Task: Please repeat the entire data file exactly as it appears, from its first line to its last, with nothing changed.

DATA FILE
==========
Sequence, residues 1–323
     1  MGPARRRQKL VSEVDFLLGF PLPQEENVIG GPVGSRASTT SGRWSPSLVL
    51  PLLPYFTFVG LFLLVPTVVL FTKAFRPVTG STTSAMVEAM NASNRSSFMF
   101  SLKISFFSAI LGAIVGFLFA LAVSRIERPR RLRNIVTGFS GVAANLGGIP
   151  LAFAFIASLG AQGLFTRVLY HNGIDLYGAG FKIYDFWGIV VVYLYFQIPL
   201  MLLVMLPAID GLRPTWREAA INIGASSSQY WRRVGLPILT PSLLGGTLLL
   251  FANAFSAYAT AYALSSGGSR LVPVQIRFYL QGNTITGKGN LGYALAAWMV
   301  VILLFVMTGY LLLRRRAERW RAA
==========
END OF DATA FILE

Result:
Sequence, residues 1–323
     1  MGPARRRQKL VSEVDFLLGF PLPQEENVIG GPVGSRASTT SGRWSPSLVL
    51  PLLPYFTFVG LFLLVPTVVL FTKAFRPVTG STTSAMVEAM NASNRSSFMF
   101  SLKISFFSAI LGAIVGFLFA LAVSRIERPR RLRNIVTGFS GVAANLGGIP
   151  LAFAFIASLG AQGLFTRVLY HNGIDLYGAG FKIYDFWGIV VVYLYFQIPL
   201  MLLVMLPAID GLRPTWREAA INIGASSSQY WRRVGLPILT PSLLGGTLLL
   251  FANAFSAYAT AYALSSGGSR LVPVQIRFYL QGNTITGKGN LGYALAAWMV
   301  VILLFVMTGY LLLRRRAERW RAA